I always seem to enjoy painting more after spending some time reading early in the morning. Paul Cezanne’s habit was to rise at 4:00 a.m. and read for two hours before painting. I choose not to set an alarm, so my rising from bed usually occurs somewhere between 7 and 8:00. Coffee is made first, then leisure time reading over coffee and recording ideas in the journal. In these simple pleasures I find the greatest joy and satisfaction, the beginnings to a potentially perfect day.

While painting this morning, a passage read recently from Zola’s Masterpiece stayed planted in my mind:

Paris? What were the others doing in Paris? Oh, nothing particularly new, really. Still, they were putting up a pretty good fight to see who would get to the top of the tree first. And, as might be expected, folks who stayed away from Paris were making a sad mistake; Paris was a good place to be in if you didn’t want to be forgotten altogether. But surely talent would out, wherever it was, and didn’t success depend to a great extent on strength of will? Oh, there was no doubt about it that the ideal was to live in the country and pile up masterpieces and then go back to Paris and swamp it with them!

What I am about to write is an example of the kind of stuff I scribble daily in my journals, what Harold Bloom would refer to as “overhearing myself.” Warning to the reader: you might be finished with this blog, and if so, thanks for reading!

Zola was referring to the cadre of artists we now call the French Impressionists as they clustered in Paris, the epicenter of the art world, and tried to make their mark. This reminds me of days long ago, through high school, college, and then later in my early stages of the “emerging artist.” There was that perpetual scramble for recognition–awards in competitions, interviews for newspapers and magazines, public exhibitions in art galleries that continually stirred us all up with ideas and aspirations of fame.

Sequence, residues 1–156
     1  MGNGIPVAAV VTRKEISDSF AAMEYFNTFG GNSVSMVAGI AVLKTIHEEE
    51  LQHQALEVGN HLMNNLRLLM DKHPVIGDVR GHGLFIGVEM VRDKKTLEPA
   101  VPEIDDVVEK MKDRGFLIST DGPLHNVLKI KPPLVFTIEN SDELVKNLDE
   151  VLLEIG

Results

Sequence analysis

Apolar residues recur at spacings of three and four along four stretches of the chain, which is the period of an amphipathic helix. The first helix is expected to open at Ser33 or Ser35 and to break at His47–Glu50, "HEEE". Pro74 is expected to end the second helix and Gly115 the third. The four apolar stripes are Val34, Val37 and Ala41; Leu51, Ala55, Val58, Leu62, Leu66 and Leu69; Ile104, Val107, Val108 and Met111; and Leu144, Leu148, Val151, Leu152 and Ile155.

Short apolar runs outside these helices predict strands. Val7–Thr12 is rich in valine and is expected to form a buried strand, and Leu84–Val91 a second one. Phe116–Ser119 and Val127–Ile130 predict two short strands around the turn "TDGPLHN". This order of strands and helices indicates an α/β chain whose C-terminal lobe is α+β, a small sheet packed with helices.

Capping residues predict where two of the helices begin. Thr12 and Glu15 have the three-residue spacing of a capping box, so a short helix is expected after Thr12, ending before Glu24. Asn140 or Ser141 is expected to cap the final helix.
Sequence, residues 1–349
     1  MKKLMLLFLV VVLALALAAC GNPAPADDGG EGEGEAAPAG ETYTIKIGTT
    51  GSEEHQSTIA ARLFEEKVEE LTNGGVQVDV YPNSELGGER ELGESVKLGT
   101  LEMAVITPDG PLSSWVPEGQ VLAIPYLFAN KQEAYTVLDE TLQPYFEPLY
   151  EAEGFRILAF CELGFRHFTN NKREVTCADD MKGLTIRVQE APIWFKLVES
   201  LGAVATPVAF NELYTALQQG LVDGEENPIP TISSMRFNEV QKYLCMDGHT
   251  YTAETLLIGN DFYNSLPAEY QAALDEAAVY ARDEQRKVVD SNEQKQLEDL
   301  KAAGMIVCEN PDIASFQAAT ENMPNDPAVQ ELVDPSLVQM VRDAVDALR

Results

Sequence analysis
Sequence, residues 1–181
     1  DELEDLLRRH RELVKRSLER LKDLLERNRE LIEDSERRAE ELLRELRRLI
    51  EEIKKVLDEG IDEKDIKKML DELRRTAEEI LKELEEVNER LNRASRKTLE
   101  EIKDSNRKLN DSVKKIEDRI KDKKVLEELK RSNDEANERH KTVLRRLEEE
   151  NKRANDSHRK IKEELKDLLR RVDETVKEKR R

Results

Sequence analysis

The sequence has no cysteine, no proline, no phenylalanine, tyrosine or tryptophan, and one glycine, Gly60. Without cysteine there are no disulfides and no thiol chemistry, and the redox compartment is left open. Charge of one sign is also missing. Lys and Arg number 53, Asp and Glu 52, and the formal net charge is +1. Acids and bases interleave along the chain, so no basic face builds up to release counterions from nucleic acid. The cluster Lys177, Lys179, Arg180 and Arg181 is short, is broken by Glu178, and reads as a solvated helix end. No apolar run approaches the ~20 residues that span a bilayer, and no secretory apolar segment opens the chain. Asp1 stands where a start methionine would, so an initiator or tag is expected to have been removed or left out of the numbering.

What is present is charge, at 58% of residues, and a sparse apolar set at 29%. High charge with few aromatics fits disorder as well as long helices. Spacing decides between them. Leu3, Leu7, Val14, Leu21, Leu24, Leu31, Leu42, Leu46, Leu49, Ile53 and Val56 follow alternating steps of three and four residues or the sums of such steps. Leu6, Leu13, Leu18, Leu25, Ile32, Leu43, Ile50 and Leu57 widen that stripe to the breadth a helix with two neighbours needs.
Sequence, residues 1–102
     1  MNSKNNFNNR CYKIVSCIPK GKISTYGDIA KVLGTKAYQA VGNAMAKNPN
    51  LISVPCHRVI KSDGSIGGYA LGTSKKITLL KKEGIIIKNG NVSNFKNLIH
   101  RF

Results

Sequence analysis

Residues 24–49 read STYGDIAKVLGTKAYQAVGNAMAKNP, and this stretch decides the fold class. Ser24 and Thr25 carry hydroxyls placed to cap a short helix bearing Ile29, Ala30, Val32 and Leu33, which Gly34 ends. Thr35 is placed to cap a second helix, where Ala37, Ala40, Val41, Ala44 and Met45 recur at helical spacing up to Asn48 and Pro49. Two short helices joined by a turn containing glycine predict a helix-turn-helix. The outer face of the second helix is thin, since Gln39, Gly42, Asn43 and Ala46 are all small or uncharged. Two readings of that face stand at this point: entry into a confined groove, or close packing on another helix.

Some years ago, I happily settled down. I no longer chafe at the notion of art being a solitary enterprise. I have always enjoyed solitude, and now I find more satisfaction than ever before with just the mere act of creating, of turning the crank, rather than reaping some reward in the form of public recognition. I still enjoy the company of fellow artists and really miss them now with all this social distancing. But I’ll see them again, soon I hope. In the meantime, I plan to continue enjoying the quiet time in the studio and leisure reading of art history, literature, philosophy or whatever sparks my interest.

Thanks for reading.

I make art in order to discover.

I journal when I feel alone.

I blog to remind myself I am not alone.

The completed work

Fits and Starts

August 10, 2020
Working at my Study Desk

Throughout the entire summer all he did was work in fits and starts, sketching-in part of a picture, leaving it on the slightest pretext, without any attempt at perseverence. His feverish passion for work which once used to get him out of his bed at dawn to wrestle with his rebellious painting, seemed to have departed and given way to indifference and idleness.

Emile Zola, The Masterpiece

The timing of this morning’s leisure reading was extraordinary. Closing my book, I went to the table in my studio and immediately began scribbling out new stories for my book. I will soon introduce a third member to add to the Hank and Randy cycles; several short stories have been written about him already. I’m now looking for a way to bring him into their orbit. As I wrote, however, several other ideas and projects hatched in my mind and it was all I could do to sketch them out quickly in my journal. Then I received this text from my friend Dian Darr:

My mind is like my internet browser. I have 19 tabs open, 5 are frozen, and I have no idea where the music is coming from.